Blessed is she who believed that there would be a fulfillment of what was spoken to her from the Lord.” This is part of Elizabeth’s conversation with Mary just a few months before Christmas, as Mary visits her relative ahead of the birth of John the Baptist. What Elizabeth is saying is that God always keeps His promises. He has never let His people down. What He says, He does. He may not fulfill His promises immediately, but when the time is right, He does.
He promised Israel that He would give them their own land, that they would prosper and become a mighty nation. But as they languished under Egyptian slavery, it didn’t seem like He would. But then He raised up Moses who came and told Pharaoh, “Let my people go.” He didn’t at first, but God kept His promise. The children of Israel crossed the Red Sea on dry ground and left Egypt. Forty years later, they entered the land promised to them by God.
But we know what happens in Israel’s history. They disobey greatly and over time they are divided and eventually overtaken. They are carried off into exile by Babylon’s sad waters. But God promised them comfort. He promised that they would be brought back to their own land, He promised them that their iniquity and warfare would end. And in His good time He fulfilled that promise and they returned from exile.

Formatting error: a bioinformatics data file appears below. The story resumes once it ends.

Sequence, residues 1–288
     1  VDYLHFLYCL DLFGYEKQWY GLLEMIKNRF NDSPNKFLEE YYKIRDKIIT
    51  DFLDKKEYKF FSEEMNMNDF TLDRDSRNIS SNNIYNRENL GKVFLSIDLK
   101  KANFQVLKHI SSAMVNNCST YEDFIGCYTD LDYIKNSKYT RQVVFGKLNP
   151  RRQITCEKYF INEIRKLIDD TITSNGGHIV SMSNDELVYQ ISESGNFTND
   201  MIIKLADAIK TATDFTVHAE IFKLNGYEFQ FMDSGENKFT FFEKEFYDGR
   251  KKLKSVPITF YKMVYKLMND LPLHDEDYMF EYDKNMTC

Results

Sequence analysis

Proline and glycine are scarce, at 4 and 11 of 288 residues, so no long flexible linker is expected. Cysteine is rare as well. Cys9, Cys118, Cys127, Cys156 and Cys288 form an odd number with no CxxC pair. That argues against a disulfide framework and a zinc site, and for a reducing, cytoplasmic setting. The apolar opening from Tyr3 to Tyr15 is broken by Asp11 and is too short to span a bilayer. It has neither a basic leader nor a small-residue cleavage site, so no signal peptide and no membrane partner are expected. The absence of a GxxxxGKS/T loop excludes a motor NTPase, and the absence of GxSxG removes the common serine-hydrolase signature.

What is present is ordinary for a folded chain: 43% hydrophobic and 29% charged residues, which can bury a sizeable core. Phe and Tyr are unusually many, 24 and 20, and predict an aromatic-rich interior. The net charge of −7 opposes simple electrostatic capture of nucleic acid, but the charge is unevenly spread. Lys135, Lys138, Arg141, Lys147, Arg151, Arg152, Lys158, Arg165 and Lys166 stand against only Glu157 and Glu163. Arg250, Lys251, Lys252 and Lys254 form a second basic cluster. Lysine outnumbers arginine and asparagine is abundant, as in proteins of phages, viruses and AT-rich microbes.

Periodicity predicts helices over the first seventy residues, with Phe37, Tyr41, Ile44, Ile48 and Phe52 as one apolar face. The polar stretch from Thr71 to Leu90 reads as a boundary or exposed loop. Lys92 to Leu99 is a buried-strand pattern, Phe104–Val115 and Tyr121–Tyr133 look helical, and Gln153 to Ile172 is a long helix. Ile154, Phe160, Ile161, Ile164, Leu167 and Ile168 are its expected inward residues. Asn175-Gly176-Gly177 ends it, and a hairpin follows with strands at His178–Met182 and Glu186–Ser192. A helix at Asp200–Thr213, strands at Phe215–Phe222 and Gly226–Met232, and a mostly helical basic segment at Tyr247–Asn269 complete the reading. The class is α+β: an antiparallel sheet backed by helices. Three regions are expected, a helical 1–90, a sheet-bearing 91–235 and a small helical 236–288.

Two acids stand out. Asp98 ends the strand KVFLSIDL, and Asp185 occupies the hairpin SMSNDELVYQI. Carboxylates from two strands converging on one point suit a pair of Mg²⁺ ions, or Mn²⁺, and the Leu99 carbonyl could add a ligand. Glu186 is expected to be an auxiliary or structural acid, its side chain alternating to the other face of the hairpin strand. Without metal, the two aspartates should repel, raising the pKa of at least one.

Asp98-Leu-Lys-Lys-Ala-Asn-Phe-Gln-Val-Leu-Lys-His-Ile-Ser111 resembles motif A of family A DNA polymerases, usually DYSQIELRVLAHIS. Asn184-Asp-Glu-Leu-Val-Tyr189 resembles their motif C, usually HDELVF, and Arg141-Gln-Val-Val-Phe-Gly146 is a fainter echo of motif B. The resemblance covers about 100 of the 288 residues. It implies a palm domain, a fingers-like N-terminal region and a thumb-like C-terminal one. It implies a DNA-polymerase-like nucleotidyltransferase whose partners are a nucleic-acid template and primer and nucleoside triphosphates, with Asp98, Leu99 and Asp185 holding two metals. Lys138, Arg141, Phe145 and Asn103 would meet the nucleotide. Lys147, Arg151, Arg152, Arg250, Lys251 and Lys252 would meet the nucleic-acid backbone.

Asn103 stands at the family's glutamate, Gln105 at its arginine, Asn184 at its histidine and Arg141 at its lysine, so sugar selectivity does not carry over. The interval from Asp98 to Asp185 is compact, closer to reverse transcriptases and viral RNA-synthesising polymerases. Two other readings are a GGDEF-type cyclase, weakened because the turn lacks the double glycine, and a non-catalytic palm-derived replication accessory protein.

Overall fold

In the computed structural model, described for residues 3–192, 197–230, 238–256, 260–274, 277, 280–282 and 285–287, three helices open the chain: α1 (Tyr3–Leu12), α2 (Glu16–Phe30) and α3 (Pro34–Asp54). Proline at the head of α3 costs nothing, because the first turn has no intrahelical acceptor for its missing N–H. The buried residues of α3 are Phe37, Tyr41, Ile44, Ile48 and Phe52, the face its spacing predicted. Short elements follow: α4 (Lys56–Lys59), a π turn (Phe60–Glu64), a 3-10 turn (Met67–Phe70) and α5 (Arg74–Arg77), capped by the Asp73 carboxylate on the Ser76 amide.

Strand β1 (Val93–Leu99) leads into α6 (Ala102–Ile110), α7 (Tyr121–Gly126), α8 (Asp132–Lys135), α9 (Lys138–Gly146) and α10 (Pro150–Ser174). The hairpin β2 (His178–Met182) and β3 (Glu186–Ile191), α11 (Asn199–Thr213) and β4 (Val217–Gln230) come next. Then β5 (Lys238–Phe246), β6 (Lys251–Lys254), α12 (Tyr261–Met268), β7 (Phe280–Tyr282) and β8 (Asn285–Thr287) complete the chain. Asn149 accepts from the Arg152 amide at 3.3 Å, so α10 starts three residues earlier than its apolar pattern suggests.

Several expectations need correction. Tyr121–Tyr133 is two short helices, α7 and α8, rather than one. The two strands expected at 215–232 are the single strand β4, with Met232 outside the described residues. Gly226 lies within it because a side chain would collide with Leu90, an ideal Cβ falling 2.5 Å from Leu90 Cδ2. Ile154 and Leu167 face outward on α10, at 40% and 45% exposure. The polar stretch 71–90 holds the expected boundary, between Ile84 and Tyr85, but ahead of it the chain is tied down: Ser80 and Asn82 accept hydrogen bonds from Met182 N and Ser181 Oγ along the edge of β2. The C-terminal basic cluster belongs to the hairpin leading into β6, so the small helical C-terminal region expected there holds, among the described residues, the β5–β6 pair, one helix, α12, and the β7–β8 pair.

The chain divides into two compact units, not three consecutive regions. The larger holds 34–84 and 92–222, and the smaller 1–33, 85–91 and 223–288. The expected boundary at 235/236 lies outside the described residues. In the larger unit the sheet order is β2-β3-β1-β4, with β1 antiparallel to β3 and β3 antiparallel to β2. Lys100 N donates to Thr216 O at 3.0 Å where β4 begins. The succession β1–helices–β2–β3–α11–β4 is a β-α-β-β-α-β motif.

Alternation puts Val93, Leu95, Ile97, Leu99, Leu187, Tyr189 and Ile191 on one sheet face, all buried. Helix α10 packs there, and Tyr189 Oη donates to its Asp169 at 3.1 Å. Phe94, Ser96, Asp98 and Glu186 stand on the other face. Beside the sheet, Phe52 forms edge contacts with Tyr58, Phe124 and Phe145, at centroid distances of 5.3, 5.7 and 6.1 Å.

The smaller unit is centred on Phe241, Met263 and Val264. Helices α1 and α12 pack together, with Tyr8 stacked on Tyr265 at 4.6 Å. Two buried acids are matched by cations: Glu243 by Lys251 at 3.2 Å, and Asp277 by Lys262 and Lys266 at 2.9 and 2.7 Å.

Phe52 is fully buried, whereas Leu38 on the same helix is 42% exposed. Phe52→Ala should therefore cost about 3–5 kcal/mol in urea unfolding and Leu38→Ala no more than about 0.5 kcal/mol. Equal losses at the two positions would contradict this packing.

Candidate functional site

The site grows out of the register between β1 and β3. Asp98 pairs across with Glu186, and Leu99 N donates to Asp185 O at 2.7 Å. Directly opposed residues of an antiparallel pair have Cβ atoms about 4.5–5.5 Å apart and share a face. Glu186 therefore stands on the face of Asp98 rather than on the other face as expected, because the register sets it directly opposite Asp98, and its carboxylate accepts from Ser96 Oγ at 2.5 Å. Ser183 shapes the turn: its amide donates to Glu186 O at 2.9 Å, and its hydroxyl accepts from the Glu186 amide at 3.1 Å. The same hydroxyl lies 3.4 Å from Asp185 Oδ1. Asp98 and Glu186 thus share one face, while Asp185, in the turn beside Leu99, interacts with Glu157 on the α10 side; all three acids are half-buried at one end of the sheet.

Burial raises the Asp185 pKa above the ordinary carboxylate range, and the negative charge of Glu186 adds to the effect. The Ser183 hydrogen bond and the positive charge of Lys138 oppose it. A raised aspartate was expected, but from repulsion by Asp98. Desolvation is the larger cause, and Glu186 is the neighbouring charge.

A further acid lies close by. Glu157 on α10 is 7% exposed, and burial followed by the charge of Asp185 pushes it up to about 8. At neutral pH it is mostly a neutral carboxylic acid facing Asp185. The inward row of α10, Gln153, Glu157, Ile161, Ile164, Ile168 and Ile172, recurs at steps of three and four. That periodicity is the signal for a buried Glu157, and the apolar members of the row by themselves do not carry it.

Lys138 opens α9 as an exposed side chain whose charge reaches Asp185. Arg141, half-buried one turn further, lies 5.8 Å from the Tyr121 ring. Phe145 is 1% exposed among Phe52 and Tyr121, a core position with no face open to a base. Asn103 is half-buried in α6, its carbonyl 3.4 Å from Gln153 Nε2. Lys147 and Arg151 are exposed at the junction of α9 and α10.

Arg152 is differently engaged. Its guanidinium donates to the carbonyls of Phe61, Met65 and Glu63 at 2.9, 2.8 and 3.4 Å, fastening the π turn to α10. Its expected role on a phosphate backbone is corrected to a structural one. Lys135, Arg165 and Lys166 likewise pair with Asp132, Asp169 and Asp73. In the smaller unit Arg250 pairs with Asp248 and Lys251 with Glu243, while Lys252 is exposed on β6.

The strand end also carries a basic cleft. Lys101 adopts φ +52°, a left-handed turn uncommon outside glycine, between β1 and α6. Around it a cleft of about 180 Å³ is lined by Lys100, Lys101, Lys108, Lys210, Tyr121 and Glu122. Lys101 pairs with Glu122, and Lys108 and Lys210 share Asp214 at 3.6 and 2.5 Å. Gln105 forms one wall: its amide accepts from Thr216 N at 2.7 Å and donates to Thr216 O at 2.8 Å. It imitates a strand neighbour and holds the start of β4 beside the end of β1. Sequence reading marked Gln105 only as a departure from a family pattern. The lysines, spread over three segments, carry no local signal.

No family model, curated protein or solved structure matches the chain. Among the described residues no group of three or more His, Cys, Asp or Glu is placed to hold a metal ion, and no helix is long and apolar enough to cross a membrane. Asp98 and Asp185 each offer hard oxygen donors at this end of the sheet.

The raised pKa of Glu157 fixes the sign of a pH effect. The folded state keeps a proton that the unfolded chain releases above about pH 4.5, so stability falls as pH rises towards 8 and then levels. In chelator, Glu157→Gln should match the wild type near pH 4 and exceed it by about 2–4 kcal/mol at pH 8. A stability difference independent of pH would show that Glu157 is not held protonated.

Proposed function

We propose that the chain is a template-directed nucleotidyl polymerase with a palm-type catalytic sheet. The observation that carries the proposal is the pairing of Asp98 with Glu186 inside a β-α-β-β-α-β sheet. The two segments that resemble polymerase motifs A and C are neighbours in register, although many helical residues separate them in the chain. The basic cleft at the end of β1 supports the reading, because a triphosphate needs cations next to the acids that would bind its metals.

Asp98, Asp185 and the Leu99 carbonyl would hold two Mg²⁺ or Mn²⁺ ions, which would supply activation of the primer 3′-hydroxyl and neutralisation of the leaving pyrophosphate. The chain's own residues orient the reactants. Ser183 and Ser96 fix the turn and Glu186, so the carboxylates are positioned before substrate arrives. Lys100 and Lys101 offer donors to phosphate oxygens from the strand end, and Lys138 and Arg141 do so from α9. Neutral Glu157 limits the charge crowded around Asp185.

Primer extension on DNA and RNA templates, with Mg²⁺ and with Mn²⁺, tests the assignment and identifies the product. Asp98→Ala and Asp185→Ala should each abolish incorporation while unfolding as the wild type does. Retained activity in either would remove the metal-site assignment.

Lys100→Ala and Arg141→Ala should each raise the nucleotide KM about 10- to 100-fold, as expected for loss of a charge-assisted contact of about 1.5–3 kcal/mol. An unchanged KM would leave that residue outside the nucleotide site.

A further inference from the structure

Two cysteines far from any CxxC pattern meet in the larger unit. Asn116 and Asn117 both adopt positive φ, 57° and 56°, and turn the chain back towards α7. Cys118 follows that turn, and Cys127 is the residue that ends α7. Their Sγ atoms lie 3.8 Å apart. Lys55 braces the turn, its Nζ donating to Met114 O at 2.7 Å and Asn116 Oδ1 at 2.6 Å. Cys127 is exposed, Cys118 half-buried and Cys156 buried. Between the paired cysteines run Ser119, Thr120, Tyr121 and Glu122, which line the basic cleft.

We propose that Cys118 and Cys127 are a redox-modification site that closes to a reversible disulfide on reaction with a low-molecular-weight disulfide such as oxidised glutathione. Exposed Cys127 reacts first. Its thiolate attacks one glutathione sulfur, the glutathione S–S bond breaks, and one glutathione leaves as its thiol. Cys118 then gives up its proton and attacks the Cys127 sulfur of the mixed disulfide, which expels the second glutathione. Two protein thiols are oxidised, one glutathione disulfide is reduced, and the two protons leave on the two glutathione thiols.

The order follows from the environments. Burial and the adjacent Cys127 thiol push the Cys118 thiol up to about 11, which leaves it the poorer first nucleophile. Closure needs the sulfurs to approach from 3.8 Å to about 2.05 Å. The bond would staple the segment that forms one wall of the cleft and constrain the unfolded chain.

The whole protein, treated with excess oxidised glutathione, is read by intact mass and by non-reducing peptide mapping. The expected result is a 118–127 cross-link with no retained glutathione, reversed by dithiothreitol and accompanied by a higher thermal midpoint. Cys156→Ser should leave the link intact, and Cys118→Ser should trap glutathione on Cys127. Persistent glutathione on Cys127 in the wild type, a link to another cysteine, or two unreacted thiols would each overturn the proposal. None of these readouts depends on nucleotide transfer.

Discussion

But most importantly God promised a Savior from sin and death. All the way back in the Garden of Eden He promised one who would crush the Serpent’s head. For 42 generations God’s people wait. Adam and Eve told Seth. Abraham told Isaac. Jesse told David. Jeconiah told Shealtiel. Each generation’s faithful remnant heard again and again the promise: the sin-destroyer would come, He would be born of a Virgin, He would be a shoot from the stump of Jesse. And then the forty-second generation came. Gabriel told Joseph and Mary that the Messiah had come, Jesus, the One who would save His people from their sin. Finally, the fulfillment of what was spoken by the Lord some four thousand years had come.
Today we heard about two more people from that faithful remnant, Simeon and Anna. These aged saints waited eagerly for God to keep His promise. Simeon had been promised by God that he would not see death until he had seen the Christ. So he waited and waited. He went to the Temple. He lived faithfully. Imagine him looking at every baby boy, wondering if that was the one sent by God. Imagine Anna, the elderly woman, fasting, praying, never leaving the Temple, knowing that soon the Lord would fill it again just as He had the first Temple so many years ago. And then the day finally came. God kept His promise. Simeon rejoiced that he could now depart in peace because God had kept His Word. He held in his arms the infant Savior! Surely it wasn’t easy waiting for God to keep His promise. But they waited in faith. They waited knowing that God was not a liar, that He would never break His Word. And finally their faith was rewarded as faith met its fulfillment.